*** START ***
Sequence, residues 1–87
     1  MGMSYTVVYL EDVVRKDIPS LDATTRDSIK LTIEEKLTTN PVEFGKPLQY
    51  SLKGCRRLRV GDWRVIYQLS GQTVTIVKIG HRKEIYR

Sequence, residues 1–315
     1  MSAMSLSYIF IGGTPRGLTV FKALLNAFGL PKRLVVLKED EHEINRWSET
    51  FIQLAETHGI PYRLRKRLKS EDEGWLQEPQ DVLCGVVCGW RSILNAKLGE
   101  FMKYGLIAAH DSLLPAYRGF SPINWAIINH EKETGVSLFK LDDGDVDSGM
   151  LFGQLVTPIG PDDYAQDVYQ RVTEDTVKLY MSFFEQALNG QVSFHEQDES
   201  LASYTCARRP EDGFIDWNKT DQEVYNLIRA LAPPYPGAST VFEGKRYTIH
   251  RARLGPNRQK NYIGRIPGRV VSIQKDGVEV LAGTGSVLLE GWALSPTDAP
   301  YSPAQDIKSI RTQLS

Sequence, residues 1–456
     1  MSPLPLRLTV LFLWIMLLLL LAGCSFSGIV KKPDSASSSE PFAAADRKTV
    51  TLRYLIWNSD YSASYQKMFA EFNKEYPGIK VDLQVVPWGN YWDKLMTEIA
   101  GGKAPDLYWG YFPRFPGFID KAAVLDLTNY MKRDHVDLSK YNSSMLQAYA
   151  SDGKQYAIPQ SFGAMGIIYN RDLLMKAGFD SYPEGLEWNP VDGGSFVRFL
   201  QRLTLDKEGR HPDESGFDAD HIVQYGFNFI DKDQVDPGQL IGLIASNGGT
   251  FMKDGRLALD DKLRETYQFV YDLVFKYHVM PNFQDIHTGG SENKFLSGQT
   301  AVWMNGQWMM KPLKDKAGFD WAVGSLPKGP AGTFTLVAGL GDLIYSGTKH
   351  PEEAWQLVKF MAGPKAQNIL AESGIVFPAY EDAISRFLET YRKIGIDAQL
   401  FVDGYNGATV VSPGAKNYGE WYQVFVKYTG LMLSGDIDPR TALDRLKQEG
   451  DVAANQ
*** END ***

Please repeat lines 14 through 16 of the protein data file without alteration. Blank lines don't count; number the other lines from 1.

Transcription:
    51  TLRYLIWNSD YSASYQKMFA EFNKEYPGIK VDLQVVPWGN YWDKLMTEIA
   101  GGKAPDLYWG YFPRFPGFID KAAVLDLTNY MKRDHVDLSK YNSSMLQAYA
   151  SDGKQYAIPQ SFGAMGIIYN RDLLMKAGFD SYPEGLEWNP VDGGSFVRFL